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Should I buy two Scottish Mortgage shares for the price of one last year?

Light trails from traffic moving down The Mound in central Edinburgh, Scotland during December
Light trails from traffic moving down The Mound in central Edinburgh, Scotland during December

As an investor, I always try to strike the right balance of risk and reward. No matter how rewarding an investment might be, I will avoid one if it does not match my risk appetite. Lately I have been considering investing in Scottish Mortgage Investment Trust (LSE: SMT) after its share price halved in the past year. Does the falling price of Scottish Mortgage shares signal growing risks? Or is the stock a bargain for the potential rewards on offer?

Risk and reward

I think the answer is a bit of both.

Scottish Mortgage invests in dozens of companies, with a focus on areas of high potential customer demand. But some of its holdings, such as Amazon and MercadoLibre, have seen their shares plummet in the past year. Amazon has halved during that time.

Such a sharp fall highlights a risk of investing in growth stocks, which is that Scottish Mortgage could lose money if it buys high and ends up selling low. Even if it holds on to the shares, most investment trusts trade close to the net asset value of their portfolio. So when the share price of a major holding crashes, it is likely to affect the Scottish Mortgage share price negatively.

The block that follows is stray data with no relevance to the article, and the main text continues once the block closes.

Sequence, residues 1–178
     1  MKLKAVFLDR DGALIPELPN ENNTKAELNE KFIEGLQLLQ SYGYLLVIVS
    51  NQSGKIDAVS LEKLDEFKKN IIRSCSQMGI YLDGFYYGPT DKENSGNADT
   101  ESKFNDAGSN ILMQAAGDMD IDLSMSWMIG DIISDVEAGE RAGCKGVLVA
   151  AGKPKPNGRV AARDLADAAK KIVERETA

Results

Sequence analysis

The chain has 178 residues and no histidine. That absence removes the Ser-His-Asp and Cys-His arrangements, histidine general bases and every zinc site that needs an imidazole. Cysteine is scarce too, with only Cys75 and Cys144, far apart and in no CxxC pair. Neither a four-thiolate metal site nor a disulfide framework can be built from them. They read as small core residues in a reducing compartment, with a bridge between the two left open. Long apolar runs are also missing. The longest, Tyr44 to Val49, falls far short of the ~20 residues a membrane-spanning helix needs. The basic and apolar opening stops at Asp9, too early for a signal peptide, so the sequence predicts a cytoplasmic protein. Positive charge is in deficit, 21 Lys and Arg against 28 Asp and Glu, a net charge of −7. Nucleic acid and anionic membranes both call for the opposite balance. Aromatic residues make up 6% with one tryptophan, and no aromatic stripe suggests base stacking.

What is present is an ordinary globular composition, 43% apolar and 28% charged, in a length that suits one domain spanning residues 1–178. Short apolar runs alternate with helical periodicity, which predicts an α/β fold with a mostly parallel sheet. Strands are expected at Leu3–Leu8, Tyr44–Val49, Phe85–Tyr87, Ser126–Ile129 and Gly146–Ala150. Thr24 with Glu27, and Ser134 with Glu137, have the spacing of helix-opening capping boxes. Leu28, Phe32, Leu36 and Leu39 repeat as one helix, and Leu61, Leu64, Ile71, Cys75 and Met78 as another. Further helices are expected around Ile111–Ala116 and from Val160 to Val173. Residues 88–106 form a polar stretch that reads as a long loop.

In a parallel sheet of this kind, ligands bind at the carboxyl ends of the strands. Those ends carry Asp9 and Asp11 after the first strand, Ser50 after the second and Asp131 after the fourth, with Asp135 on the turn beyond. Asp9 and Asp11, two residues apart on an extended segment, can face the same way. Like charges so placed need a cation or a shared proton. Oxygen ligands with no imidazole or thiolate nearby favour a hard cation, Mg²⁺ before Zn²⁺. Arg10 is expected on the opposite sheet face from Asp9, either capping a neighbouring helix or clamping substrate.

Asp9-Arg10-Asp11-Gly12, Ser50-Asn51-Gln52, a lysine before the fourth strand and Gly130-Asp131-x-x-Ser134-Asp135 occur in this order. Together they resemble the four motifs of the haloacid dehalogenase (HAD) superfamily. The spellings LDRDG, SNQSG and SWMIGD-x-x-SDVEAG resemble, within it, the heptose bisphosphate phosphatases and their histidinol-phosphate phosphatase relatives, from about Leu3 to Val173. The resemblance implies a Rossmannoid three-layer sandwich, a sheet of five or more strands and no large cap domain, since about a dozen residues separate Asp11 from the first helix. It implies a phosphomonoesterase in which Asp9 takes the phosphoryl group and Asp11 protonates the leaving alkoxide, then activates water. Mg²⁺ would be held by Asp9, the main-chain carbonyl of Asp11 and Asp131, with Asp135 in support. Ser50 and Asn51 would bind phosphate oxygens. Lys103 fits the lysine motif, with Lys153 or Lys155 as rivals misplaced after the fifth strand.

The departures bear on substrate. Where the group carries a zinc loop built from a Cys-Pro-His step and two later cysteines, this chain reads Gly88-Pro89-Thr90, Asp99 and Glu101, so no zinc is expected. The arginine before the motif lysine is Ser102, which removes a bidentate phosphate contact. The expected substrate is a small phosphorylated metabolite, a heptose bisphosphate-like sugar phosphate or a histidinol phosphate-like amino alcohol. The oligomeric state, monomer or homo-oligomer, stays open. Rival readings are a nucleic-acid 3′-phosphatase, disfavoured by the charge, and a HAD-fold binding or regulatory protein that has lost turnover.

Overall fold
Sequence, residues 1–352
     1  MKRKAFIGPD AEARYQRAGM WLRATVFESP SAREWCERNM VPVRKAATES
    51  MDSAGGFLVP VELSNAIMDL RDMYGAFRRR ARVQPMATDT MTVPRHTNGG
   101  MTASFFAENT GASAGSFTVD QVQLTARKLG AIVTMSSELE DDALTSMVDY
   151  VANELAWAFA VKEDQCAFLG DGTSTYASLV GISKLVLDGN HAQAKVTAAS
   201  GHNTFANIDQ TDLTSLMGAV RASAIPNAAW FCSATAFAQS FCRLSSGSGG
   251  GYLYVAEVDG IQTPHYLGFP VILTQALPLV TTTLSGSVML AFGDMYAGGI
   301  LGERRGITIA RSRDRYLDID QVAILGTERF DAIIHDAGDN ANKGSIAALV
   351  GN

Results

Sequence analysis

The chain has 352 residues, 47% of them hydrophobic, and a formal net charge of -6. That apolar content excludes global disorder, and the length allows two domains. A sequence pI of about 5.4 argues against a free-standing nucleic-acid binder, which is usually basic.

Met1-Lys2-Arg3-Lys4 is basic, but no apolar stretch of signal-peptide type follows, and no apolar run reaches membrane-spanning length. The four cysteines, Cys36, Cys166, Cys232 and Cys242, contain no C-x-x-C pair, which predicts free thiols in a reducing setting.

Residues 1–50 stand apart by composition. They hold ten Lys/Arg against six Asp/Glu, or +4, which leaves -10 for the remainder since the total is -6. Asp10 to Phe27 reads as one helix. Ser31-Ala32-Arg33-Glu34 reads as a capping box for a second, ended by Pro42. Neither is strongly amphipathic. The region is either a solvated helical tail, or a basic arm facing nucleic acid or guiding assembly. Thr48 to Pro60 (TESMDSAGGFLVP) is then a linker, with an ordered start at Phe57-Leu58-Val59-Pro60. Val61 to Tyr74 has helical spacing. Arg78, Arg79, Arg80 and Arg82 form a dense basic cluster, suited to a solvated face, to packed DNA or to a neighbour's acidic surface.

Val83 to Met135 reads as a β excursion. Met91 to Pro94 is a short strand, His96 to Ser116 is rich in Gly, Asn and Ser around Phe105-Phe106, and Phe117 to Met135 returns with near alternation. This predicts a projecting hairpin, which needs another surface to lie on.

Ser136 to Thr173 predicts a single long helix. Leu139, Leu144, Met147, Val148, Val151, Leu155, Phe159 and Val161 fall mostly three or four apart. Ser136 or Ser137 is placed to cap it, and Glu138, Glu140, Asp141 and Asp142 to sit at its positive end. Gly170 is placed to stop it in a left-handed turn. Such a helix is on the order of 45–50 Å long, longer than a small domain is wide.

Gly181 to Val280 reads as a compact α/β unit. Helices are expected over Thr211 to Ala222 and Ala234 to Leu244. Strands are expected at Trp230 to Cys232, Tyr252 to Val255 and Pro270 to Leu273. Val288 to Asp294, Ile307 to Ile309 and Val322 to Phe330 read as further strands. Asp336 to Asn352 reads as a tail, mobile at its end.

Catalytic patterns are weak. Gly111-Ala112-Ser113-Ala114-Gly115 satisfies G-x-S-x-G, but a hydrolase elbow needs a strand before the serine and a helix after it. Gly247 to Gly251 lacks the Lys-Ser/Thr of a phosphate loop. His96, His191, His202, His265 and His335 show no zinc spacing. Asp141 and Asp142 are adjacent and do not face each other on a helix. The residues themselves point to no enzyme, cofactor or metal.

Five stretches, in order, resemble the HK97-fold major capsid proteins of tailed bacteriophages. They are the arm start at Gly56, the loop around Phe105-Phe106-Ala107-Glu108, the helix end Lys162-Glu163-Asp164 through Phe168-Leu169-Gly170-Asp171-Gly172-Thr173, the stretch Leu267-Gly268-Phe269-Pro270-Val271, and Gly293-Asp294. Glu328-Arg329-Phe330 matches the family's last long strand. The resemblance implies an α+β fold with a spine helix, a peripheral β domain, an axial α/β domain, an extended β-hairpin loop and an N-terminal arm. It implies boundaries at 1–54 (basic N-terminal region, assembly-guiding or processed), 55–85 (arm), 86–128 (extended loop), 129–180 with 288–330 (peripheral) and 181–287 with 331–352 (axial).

But I also see possible rewards from investing in promising growth stories. As a believer in long-term investing, I do not worry about short-term movements in the price of shares owned by Scottish Mortgage. I continue to see future potential for many of the companies in which it has invested. Its long-term investing strategy mirrors my own and allows it to benefit as promising companies bloom into sizeable businesses.

Impressive track record

I see Scottish Mortgage as a class act.

Past performance is not a guide to what will happen in future. But I think it is worth bearing in mind that Scottish Mortgage has proven its ability to find compelling growth shares time and again. Even after halving in the past 12 months, the shares are 65% more valuable today than they were five years ago.

It has paid a dividend every year for many decades and the last time it cut the payout was before the Second World War. While the current dividend yield of 0.5% is not particularly attractive to me, I do like the trust’s long-term approach to rewarding shareholders.

I’d buy some shares

In fact, if I had spare cash to invest today, I would take advantage of the price fall in the shares to buy some for my portfolio.

Owning shares in this investment trust would offer me exposure to a diversified range of growth shares from global markets. Some may not perform well but hopefully others will do excellently. That could help push up the price of Scottish Mortgage shares in years to come.

The post Should I buy two Scottish Mortgage shares for the price of one last year? appeared first on The Motley Fool UK.

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John Mackey, CEO of Whole Foods Market, an Amazon subsidiary, is a member of The Motley Fool’s board of directors. C Ruane has no position in any of the shares mentioned. The Motley Fool UK has recommended Amazon and MercadoLibre. Views expressed on the companies mentioned in this article are those of the writer and therefore may differ from the official recommendations we make in our subscription services such as Share Advisor, Hidden Winners and Pro. Here at The Motley Fool we believe that considering a diverse range of insights makes us better investors.

Motley Fool UK 2022